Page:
Many migrant workers face exploitative working conditions, resulting from the highly asymmetric power relationship with their employers and their inability to enforce contracts. This seminar discusses whether reframing the initial encounter between migrants and employers can improve the relationship and working conditions in the longer run, based on a randomized experiment with Filipinas migrating as domestic workers to Hong Kong and Saudi Arabia.
Before departure, treated migrants received the suggestion to introduce themselves to their employers with a small gift and show a photo of their family, with the aim to portray the migrant as a human being with a family and good intentions, thus potentially increasing the moral cost for the employer to mistreat the migrant. Two years later, treated migrants reported better treatment by the employers and reductions in mistreatment, and were also more likely to still work for their employer or plan to continue doing so. These experiments suggest that the effect is due to decreased social distance, not reciprocity.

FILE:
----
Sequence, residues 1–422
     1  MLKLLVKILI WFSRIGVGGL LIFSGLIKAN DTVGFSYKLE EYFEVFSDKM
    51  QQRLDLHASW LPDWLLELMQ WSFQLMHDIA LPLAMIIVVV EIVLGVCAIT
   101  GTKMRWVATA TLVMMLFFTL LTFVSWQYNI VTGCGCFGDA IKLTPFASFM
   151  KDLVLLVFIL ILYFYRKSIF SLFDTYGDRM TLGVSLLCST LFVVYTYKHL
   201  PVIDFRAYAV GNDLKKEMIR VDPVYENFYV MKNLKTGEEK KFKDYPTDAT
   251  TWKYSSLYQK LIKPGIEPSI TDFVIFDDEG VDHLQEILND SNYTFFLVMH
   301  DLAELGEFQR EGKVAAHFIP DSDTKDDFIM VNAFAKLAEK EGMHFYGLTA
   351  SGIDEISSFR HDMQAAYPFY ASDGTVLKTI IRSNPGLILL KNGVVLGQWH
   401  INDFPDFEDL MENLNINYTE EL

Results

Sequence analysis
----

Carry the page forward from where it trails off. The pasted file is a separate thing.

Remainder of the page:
The speaker will be Toman Barsbai, Associate Professor of Economics at the University of Bristol and Senior Researcher at the Kiel Institute for the World Economy.
For more information, including a link to the online seminar, see the event announcement on the UNU-MERIT website.